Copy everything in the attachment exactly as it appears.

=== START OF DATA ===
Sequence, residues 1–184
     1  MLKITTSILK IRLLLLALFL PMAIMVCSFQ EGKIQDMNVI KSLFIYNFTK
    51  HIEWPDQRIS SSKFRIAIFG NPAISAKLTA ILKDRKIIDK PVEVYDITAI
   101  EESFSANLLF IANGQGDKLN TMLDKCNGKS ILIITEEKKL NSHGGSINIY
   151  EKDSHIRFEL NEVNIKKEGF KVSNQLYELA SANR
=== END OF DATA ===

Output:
Sequence, residues 1–184
     1  MLKITTSILK IRLLLLALFL PMAIMVCSFQ EGKIQDMNVI KSLFIYNFTK
    51  HIEWPDQRIS SSKFRIAIFG NPAISAKLTA ILKDRKIIDK PVEVYDITAI
   101  EESFSANLLF IANGQGDKLN TMLDKCNGKS ILIITEEKKL NSHGGSINIY
   151  EKDSHIRFEL NEVNIKKEGF KVSNQLYELA SANR